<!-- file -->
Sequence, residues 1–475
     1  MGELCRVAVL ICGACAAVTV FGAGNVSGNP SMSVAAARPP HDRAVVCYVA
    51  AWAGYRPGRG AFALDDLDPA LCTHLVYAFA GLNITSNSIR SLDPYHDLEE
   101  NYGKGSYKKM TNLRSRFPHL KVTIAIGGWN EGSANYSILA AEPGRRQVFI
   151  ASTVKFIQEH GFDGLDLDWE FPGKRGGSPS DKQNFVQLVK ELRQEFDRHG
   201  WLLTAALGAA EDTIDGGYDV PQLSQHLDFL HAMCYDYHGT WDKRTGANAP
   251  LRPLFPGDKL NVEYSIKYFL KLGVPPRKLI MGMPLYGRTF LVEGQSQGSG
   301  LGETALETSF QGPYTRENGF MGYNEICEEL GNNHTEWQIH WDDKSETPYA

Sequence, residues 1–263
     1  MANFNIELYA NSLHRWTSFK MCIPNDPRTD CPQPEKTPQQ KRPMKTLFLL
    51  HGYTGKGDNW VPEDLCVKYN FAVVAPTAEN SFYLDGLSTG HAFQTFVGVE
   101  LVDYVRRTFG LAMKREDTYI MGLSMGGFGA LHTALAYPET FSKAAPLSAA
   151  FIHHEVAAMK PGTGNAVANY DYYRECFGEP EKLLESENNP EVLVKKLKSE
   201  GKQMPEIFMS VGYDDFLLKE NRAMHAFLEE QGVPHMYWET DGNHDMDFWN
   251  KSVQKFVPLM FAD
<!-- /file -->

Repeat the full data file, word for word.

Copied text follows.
Sequence, residues 1–475
     1  MGELCRVAVL ICGACAAVTV FGAGNVSGNP SMSVAAARPP HDRAVVCYVA
    51  AWAGYRPGRG AFALDDLDPA LCTHLVYAFA GLNITSNSIR SLDPYHDLEE
   101  NYGKGSYKKM TNLRSRFPHL KVTIAIGGWN EGSANYSILA AEPGRRQVFI
   151  ASTVKFIQEH GFDGLDLDWE FPGKRGGSPS DKQNFVQLVK ELRQEFDRHG
   201  WLLTAALGAA EDTIDGGYDV PQLSQHLDFL HAMCYDYHGT WDKRTGANAP
   251  LRPLFPGDKL NVEYSIKYFL KLGVPPRKLI MGMPLYGRTF LVEGQSQGSG
   301  LGETALETSF QGPYTRENGF MGYNEICEEL GNNHTEWQIH WDDKSETPYA

Sequence, residues 1–263
     1  MANFNIELYA NSLHRWTSFK MCIPNDPRTD CPQPEKTPQQ KRPMKTLFLL
    51  HGYTGKGDNW VPEDLCVKYN FAVVAPTAEN SFYLDGLSTG HAFQTFVGVE
   101  LVDYVRRTFG LAMKREDTYI MGLSMGGFGA LHTALAYPET FSKAAPLSAA
   151  FIHHEVAAMK PGTGNAVANY DYYRECFGEP EKLLESENNP EVLVKKLKSE
   201  GKQMPEIFMS VGYDDFLLKE NRAMHAFLEE QGVPHMYWET DGNHDMDFWN
   251  KSVQKFVPLM FAD